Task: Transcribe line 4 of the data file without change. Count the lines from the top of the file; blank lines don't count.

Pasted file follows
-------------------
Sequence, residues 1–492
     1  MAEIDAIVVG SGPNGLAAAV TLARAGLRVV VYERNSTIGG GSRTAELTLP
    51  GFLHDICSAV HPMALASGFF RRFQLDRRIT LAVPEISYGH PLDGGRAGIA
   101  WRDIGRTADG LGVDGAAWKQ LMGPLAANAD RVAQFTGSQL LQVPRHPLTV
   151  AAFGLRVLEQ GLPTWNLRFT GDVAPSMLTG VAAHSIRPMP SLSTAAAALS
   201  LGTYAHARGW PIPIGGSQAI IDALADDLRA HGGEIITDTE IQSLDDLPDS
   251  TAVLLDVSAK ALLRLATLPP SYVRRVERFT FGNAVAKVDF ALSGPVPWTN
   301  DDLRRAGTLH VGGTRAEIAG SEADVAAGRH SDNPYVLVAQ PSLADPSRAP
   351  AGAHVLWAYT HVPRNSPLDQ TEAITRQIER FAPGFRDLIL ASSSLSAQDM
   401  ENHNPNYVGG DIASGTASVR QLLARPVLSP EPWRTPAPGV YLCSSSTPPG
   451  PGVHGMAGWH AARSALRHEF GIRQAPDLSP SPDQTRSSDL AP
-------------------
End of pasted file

   101  WRDIGRTADG LGVDGAAWKQ LMGPLAANAD RVAQFTGSQL LQVPRHPLTV